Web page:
Join Date: Dec 2011
Location: Como, Sydney, NSW, Australia
Thanked 12 Times in 8 Posts
Yup, other than track, roundabouts and wet weather have caused all my off's - does a bit of damage bouncing off curbs horizontally ... it's the oil / diesel that cars / trucks drop at even low speed and moderate lean angle. I now put one foot out, motorcross style on really small roundabouts in the wet, to catch the front washing out - but slow WAY down and keep bike as vertical as possible.
Hypersport tyres like Pirelli Diablo Rosso II's are not overly helpful in wet conditions either, the stock tyres are better with the bigger blocks. I've also read the suggestion to pull in somewhere for the first 30 minutes of rain after a dry spell. If you can see suds on the road the rain still hasn't washed off the top layer of slippery road grime.
Outside of cities - you should find road more pleasant re oil, but watch out for those rainbow filmy patches - try and stay in either car track - especially around corners, (which is hard) - think about road camber too.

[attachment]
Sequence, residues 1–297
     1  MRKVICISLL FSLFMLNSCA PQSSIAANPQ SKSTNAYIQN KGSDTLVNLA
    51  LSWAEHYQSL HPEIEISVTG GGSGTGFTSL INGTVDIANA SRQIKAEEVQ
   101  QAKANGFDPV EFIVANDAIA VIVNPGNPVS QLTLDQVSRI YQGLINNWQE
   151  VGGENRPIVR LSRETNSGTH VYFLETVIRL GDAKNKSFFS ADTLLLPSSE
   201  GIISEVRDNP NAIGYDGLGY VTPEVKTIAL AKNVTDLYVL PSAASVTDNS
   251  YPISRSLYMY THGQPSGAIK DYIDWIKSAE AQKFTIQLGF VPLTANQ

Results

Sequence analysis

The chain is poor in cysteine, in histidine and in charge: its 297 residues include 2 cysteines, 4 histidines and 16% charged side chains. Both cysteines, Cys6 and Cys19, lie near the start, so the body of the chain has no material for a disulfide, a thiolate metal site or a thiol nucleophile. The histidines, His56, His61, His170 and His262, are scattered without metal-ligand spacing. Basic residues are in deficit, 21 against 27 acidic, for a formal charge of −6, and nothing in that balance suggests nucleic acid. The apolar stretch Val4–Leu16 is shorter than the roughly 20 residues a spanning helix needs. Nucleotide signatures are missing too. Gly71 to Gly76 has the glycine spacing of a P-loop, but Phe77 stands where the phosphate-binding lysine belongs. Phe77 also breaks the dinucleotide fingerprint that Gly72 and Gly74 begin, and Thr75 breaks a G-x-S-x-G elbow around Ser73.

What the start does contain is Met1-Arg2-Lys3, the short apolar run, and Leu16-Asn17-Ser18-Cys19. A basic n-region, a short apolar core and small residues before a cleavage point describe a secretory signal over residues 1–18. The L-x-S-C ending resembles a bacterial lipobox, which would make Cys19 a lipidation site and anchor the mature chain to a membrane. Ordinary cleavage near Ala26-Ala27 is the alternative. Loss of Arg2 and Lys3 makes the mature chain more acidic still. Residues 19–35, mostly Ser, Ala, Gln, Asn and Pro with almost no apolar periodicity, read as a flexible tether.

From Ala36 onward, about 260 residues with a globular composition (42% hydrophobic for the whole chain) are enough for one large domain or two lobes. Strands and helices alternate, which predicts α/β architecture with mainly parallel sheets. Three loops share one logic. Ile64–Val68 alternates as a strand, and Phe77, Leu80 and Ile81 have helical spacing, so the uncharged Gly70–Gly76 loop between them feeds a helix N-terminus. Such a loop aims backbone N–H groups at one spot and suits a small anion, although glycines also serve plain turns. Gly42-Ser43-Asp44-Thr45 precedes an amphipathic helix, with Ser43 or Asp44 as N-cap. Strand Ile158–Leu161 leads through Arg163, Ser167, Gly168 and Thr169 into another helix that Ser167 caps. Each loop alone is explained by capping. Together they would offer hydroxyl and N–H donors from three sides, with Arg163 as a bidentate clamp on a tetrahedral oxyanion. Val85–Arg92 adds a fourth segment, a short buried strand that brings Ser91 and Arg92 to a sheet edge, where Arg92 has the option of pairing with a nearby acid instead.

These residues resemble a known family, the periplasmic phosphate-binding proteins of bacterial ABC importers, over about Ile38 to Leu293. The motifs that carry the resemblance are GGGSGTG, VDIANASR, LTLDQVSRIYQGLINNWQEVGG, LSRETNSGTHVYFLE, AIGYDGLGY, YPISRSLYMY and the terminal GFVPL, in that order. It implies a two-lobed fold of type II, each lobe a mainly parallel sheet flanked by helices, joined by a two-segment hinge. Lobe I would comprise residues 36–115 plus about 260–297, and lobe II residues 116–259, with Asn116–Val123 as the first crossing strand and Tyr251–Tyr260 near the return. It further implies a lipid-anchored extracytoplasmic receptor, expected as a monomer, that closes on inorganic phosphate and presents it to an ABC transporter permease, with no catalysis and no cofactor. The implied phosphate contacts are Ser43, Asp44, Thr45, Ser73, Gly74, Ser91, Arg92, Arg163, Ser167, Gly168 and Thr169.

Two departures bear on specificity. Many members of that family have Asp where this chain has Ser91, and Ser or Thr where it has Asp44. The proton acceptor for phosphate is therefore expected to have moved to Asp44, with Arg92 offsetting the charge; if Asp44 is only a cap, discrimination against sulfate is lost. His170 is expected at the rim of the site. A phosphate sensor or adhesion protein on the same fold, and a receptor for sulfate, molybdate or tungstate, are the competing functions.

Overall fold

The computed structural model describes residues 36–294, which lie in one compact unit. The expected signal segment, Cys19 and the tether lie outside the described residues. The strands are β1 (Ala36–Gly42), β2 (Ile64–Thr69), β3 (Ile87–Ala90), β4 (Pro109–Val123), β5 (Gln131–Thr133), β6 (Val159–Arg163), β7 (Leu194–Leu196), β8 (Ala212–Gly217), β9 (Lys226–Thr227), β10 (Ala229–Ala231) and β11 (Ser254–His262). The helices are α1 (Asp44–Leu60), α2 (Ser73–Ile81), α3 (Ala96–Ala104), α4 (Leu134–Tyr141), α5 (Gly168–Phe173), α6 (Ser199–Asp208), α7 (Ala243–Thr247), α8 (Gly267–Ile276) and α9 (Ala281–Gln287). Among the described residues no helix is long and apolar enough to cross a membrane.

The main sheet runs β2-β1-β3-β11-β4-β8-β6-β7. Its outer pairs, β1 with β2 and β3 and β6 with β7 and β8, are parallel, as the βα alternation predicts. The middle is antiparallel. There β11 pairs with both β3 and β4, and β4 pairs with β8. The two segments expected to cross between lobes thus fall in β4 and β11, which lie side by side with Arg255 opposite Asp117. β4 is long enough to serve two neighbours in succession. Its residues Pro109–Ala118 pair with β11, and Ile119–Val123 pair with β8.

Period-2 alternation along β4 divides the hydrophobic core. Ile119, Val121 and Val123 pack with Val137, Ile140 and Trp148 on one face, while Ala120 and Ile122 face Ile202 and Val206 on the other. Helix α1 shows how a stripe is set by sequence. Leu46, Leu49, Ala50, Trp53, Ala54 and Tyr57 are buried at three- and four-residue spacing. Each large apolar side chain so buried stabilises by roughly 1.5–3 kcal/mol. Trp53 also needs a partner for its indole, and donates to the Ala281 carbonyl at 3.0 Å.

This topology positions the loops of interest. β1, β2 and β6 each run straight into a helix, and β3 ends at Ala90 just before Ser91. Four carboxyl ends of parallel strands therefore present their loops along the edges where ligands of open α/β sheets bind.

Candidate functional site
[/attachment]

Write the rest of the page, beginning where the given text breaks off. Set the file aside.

Also take plenty of spare cloths to dry / clear visor - I take the nikwax spray stuff in my tank bag and in heavy rain, maybe reapply every hour, or when it stops beading. Yeah fog is bad, it takes quite a while to bead and run off, and visibility drops. I found once the beading starts, it improves marginally.
In the countryside, away from civilisation, the cold / wet is an issue, if you get soaked, how far do you have to ride to find somewhere you can dry out & warm up? How much will you become extra cold getting there? For wilderness stuff, it'd be similar to bush walking, take a space blanket type shelter bag, or a cheap bivvy bag for when it all goes tits up and you want somewhere to escape? Change into wets before you get drenched - in another 30 seconds you will be wet through. I have some great latex overboots from the US, they are 100% waterproof and keep my feet toasty with windchill. Can also wear a more comfortable touring boot under it.
I'd consider heated grips or bark busters as essential for even short touring in cold climates - your hands will get very cold.
Oh and how about something for your bum, AirHawks are great (small pillion fits well) I get around three hours between tank refills, and my entire lower half goes numb without an AH after about two in that saddle.
Last edited by Phat3R; 03-01-2013 at 09:13 AM.